Tag Archives: Cancer

Breast Cancer Symptoms, Stages and Inflammatory Breast Cancer Information

Breast cancer infects thousands each year and a large segment of the population find out too late. Like any other cancer, breast cancer typically forms as a tumor, ranging from one to five centimeters. This is most often felt as a lump. A complex staging system defines the severity of the tumor and doctors determine the stage by examining variables such as tumor size, location, and the speed of multiplication and spread. There are five stages broken into sub-stages which are crucial in determining the aggressiveness of treatment needed.

In its early stages, breast cancer is easily treatable and not considered a life threatening disease. Stage 0 or ductal carcinoma in situ is a precancerous condition when abnormal cells are found in the lining of the breast (Stages of Breast Cancer). They have not yet spread to other tissues in the breast but possess the potential to do so. The abnormal cells normally do not become invasive cancer, but increase the chance of developing more complex cancer in later years. Stage I is also simply analyzed as a tumor that is 2 centimeters or smaller and has not spread beyond the breast. A lumpectomy to remove the tumor and a round of chemotherapy eliminates the threat of cancer.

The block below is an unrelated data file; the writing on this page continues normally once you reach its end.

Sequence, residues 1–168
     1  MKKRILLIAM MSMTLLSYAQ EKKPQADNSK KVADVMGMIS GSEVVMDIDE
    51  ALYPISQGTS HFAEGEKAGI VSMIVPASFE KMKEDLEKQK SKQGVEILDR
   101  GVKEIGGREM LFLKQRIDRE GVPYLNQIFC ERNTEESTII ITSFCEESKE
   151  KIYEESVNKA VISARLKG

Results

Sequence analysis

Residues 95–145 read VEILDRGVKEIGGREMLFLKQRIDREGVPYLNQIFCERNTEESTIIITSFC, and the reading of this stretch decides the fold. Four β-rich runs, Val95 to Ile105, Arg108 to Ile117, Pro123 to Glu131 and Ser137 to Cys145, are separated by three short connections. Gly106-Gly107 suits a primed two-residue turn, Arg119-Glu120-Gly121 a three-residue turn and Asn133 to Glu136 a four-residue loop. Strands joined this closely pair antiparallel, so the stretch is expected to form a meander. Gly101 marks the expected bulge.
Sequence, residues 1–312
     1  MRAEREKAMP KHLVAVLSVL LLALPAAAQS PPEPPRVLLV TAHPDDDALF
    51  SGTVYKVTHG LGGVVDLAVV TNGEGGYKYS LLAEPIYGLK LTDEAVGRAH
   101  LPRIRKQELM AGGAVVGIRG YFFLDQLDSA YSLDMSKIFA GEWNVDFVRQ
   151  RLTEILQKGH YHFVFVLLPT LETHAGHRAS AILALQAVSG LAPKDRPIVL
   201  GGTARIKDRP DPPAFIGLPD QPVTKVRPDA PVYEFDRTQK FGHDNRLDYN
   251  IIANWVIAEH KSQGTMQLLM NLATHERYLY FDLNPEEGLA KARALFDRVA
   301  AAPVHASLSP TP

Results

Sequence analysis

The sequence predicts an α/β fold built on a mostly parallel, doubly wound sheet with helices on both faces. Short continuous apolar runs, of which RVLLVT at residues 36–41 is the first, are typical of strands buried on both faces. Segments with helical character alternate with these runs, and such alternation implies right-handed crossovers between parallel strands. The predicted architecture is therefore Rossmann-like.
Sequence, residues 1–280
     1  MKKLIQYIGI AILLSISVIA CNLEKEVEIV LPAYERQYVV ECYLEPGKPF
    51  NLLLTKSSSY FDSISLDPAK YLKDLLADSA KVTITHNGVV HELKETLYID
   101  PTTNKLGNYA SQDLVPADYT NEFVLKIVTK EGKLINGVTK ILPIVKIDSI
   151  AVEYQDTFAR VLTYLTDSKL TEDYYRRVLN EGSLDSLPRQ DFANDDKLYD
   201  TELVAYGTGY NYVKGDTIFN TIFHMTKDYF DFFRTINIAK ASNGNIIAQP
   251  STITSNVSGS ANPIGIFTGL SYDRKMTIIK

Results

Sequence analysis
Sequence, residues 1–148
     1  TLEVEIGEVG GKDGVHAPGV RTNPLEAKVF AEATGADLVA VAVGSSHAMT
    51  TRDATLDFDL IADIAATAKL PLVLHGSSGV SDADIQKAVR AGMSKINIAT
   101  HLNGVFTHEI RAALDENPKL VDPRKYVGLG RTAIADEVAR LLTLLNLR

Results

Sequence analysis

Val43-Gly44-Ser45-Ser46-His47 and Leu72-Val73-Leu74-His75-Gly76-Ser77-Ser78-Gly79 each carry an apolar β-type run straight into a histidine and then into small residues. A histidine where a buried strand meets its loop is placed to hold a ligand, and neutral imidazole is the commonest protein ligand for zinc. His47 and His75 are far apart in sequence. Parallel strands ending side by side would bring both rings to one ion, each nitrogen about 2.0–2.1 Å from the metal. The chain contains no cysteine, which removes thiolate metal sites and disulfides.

As breast cancer advances into stages II and III, severity of treatment rises. In stage IIA, the cancer has spread to the auxiliary lymph nodes (the lymph nodes under the arm) or the tumor is 2 centimeters and smaller and has spread, or the tumor is larger than 2 centimeters but not larger than 5 centimeters. In stage IIB, cancer has spread to the auxiliary lymph nodes and is larger than 5 centimeters (“Stages of Breast Cancer”).